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-   -   Low-lying deck construction (http://www.houserepairtalk.com/f6/low-lying-deck-construction-6839/)

HeyPally 06-10-2009 09:15 AM

Low-lying deck construction
 
Hi,

I'm looking at building a very VERY low deck. No more than 5 or 6 inches off the ground total. This is necessary to incorporate a new back door opening on to the deck where currently there is a window. I wondering if it is possible to use 4x4 posts and lie them lengthwise on concrete footings instead of using 2x6 or 2x8 joists? The deck boards would then be attached directly to the 4x4's and 2x4's would be used for skirting and rim joists where necessary.

Is this a plausible design?

Thanks!

handyguys 06-10-2009 12:38 PM

Have you considered a paver patio? It will last forever. It may be a bit more physical work but isnt too hard to DIY. Or, consider a poured concrete patio. That would require a concrete delivery and proper prep of the area but would be really fast and pretty cheap.

I envy you. I wish I could do a paver patio - I have too much grade change out my back door to do it. I need a deck.

HeyPally 06-10-2009 12:46 PM

Hi Handyguys,

Thanks for the reply. I have thought about stone but I prefer the look and feel of wood. I'm not a big fan of plain poured concrete and doing anything like patterned concrete just becomes stupid expensive. I guess it comes down to more of an aesthetic issue. Wood is good! :)

handyguys 06-10-2009 01:21 PM

First step will be for you to get your building code requirements from your township code department. They may not have any specific requirements for such a deck but you should ask them first. They may only specify footer depth.

A better plan might be to abandon traditional deck construction techniques.

See if this will fly with local building department...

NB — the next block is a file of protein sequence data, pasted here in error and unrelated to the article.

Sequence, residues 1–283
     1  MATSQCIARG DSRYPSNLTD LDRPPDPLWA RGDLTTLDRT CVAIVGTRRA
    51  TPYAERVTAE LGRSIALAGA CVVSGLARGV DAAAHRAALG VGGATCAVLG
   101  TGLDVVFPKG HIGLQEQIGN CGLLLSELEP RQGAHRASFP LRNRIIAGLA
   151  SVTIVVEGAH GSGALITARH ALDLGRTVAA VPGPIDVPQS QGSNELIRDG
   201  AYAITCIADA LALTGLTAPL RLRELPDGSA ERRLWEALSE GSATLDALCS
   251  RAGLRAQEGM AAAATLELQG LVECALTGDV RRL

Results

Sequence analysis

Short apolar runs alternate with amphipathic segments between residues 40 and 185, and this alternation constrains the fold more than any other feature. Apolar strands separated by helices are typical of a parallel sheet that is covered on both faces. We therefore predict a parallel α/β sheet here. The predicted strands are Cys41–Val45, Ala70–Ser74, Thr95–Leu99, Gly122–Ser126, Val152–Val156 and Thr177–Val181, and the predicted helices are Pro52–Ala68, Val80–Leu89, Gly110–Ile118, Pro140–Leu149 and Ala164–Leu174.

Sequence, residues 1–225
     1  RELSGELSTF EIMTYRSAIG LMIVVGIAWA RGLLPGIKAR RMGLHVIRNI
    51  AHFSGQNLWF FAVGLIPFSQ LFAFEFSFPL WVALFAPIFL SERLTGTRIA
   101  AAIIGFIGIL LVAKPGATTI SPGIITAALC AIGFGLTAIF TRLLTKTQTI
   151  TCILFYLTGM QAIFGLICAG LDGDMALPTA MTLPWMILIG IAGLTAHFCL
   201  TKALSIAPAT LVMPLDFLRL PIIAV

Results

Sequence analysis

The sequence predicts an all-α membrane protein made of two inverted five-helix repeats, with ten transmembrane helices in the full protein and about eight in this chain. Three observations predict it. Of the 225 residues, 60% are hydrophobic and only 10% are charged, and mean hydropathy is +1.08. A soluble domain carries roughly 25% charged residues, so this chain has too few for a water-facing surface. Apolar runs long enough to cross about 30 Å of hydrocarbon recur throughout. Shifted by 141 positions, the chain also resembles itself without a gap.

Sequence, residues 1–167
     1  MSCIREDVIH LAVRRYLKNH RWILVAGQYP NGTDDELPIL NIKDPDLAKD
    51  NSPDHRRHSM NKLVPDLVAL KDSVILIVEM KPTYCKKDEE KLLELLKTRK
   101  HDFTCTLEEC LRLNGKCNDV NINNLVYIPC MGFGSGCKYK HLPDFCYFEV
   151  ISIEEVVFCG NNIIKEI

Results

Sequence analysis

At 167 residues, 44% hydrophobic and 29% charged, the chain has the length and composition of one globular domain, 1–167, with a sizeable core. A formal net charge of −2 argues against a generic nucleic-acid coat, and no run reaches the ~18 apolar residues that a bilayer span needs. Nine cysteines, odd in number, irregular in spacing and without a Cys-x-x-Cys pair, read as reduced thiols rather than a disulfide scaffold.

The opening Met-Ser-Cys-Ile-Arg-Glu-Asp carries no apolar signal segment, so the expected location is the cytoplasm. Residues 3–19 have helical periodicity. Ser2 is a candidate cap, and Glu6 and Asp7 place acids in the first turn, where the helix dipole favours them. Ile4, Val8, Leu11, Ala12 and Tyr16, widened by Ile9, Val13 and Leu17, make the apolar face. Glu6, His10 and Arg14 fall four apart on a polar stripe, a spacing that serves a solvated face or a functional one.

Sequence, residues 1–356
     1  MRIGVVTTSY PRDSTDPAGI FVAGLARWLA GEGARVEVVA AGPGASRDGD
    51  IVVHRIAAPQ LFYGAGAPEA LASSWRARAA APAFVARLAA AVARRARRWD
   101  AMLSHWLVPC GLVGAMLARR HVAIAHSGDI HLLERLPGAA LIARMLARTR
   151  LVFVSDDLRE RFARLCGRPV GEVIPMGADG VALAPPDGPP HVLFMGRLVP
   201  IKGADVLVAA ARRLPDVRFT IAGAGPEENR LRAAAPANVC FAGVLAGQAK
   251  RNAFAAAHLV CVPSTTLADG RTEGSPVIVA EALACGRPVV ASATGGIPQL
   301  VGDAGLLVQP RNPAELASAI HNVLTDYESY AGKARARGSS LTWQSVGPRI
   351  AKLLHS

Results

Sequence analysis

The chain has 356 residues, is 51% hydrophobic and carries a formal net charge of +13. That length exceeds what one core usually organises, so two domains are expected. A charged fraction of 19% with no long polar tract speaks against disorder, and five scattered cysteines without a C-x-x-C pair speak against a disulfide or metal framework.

Level the area and fill with 4" deep crushed stone
lay 4x4 frame
2x decking

in other words, no footers. Build it right on the ground on the stone. This has multiple benefits.
1) Its not attached to house or footers and may not be considered permanent. (maybe no permit)
2) You wont need to worry about sag or spans due to limited 4x4 strength
3) You wont need to dig to frost depth for footers

You will want your 4x4s spaced at 16" for 2x decking, 12" for 5/4 decking.

Use pressure treated.

One new technique I have seen is to put a 'cover' on the joist to prevent rot. if you use a 4x4 this could be more important as there will be more places for water to hold against the wood. Grace (the company name) has a product called Vycor - its a self stick membrane. Stick that to the tops of each joist of for long lasting protection.

make sense?

HeyPally 06-10-2009 02:15 PM

Hmmmmmmm...I like this. That would even save me a couple of inches for the footings if it was right on the gravel.

It's definitely not a traditional design but in the end I hope it will do the job and hopefully look just as good.

I'm looking at the Vycor product you suggested as well. Now I just have to find it somewhere! I will check with the building permit people and see what they have to say. Next step will be to price all of this out.

kok328 06-10-2009 03:50 PM

I don't the know the name of the product but, it's a footing block, about 8"x8" tapered toward the top to about 6"x6", made of concrete or plastic. It has an intersection/cross molded into the top to recieve a joist from either direction. This might be just what your looking for. It's low profile (or could be made to be) and you don't have to dig for footing, it just floats on the ground surface.

bdmonist 06-29-2009 07:42 PM

Have you considered just digging out enough to incorporate your height requirements? I built one a few years back and wanted it to be level with a concrete patio that was built by the developer. I just dug out where I could install my 2x8 joists and 5/4 decking. 16" is plenty for 5/4 by the way, you don't need to go 12" on center with your joists.


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